Over the Church’s history, it was known—long before anyone had heard of multiple intelligences—that some people learned better through visuals. This was especially true during times when average folks were illiterate. Today, even though most people are literate, many people (including yours truly) consider themselves visual learners.
For some people, visuals are also helpful for prayer experiences. For this reason, the Church has a tradition that parallels lectio divina (“divine reading” or reflection on the spoken Word of God in Scripture) known as visio divina (“divine seeing” or prayer in which we invite God to speak to our hearts as we look at an image).
Experience visio divina or lead others in such an experience by following these steps:
- Select a sacred image to use for reflection, and then choose a comfortable, quiet place where you will not be distracted. Quiet yourself and relax by focusing on your breathing.
- Let your gaze fall prayerfully upon the image. Pay attention to details, including shapes, colors, lighting, and facial expressions and body language of characters in the image. Once you’ve taken in the image as a whole, note what draws your attention.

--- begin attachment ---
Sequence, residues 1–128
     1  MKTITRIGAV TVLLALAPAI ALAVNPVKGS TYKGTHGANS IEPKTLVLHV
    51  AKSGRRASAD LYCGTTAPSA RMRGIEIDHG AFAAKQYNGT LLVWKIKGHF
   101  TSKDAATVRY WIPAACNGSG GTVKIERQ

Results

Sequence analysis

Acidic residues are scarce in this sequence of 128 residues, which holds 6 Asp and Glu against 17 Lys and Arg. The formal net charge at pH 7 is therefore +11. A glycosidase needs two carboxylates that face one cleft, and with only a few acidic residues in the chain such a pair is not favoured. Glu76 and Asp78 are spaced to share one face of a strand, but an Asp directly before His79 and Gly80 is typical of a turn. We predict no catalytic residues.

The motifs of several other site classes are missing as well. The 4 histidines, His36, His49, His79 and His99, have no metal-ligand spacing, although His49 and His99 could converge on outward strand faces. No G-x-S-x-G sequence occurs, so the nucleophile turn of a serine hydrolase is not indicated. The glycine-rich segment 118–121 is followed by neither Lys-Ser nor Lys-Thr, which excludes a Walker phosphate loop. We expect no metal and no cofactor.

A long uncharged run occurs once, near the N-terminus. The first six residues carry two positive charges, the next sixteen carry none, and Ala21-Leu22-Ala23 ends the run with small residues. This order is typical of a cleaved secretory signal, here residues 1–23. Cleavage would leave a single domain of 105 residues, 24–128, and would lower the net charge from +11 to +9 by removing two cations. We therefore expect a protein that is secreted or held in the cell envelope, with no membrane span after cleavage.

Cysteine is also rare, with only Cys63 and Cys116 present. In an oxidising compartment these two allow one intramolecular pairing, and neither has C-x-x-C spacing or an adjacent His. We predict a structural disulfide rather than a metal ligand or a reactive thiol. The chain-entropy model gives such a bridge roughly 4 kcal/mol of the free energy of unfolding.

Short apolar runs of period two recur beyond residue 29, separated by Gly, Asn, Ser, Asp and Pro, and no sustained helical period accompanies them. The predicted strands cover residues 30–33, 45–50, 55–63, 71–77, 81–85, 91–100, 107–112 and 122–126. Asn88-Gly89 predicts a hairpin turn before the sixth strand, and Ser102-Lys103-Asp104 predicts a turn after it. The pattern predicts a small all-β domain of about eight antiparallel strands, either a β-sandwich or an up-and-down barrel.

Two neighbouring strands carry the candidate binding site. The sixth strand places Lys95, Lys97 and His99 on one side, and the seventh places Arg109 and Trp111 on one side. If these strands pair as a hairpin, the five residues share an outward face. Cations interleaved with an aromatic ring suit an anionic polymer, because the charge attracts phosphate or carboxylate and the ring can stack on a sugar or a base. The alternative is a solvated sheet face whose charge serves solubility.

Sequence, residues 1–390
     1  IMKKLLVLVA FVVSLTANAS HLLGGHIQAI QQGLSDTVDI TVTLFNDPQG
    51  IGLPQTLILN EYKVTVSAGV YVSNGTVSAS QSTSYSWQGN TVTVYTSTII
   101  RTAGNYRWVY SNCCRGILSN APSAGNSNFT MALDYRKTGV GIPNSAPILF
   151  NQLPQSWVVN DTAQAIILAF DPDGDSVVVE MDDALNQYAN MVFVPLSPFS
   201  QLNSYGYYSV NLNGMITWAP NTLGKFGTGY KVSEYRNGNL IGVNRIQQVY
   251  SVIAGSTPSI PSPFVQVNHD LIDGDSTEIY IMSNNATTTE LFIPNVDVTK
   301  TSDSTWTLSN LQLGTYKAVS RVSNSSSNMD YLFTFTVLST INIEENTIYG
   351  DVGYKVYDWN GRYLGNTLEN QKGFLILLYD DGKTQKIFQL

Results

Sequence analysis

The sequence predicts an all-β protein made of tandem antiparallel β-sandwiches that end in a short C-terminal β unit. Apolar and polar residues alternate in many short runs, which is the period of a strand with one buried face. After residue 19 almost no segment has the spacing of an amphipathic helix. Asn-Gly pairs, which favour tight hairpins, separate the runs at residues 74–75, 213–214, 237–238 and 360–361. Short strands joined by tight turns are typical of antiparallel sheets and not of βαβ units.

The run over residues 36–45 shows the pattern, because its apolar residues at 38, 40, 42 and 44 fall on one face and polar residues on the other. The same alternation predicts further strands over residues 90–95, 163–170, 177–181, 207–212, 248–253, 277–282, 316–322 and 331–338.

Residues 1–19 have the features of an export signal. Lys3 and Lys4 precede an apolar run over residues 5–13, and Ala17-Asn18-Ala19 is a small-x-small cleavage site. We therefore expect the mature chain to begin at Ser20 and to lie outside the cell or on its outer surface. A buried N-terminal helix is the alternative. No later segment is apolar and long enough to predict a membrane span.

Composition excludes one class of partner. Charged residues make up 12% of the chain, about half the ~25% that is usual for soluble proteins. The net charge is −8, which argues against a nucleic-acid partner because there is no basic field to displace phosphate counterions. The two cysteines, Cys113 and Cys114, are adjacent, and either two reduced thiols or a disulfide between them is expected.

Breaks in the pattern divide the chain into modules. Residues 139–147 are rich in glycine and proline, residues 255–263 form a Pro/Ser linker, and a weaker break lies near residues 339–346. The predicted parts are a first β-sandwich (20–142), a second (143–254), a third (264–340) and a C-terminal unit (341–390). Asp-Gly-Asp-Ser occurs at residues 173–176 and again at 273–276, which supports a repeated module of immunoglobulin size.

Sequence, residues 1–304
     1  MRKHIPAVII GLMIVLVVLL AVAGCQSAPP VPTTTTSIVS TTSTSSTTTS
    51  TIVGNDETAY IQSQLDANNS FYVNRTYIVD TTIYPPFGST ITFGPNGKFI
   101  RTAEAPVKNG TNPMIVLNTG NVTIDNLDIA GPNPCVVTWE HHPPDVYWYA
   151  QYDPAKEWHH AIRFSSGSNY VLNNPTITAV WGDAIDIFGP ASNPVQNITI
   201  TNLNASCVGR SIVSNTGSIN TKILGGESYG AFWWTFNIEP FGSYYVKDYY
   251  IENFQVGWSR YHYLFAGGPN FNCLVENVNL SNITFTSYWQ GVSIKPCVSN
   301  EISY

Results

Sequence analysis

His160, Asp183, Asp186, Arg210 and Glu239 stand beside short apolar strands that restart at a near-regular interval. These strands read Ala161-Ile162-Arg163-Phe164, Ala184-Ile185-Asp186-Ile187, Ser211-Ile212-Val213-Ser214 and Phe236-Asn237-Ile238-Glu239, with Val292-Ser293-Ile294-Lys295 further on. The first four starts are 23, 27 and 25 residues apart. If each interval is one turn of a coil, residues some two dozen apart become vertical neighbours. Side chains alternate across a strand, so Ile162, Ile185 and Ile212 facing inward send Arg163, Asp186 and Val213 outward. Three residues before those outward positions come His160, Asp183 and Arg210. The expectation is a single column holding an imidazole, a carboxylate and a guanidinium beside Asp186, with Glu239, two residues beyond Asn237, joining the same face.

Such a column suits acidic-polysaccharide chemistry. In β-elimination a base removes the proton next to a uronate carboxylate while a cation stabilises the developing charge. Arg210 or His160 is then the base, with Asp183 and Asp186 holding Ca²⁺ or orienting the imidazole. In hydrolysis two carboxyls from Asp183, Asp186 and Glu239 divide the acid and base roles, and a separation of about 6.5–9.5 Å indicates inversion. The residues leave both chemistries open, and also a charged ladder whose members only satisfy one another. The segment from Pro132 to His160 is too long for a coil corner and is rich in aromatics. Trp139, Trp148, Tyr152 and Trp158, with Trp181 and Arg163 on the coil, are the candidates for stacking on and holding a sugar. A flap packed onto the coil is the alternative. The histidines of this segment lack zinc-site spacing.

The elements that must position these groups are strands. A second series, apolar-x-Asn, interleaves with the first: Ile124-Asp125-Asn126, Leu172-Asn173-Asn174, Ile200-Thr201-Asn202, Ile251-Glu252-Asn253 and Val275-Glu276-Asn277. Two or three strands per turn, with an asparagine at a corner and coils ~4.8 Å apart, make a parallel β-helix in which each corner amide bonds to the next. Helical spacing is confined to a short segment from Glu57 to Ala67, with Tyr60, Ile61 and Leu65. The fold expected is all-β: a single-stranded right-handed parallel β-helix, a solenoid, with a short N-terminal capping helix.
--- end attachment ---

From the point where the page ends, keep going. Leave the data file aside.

- Prayerfully reflect, or meditate, on that part of the picture where your attention is drawn. Ask how God is speaking to your heart and why you think God has drawn your attention to this specific part of the image. Pay attention to your feelings, and allow God to speak to you through the image.
- Respond to God, expressing your thoughts, feelings, desires, or yearnings.
- Rest in silence before the image, enjoying the intimacy of the moment with God and savoring the beauty of the image.
To assist catechists in leading visio divina with children, the Finding God curriculum includes Exploring Faith Through Art fine art easels with 25 prints per grade-level easel. Each art print provides background about the artist, medium, and history and also offers activities related to the art, including art projects, music, movement, and using imagination in prayer. The art prints are oversized for easy viewing and impact.
What experiences of visio divina have you had?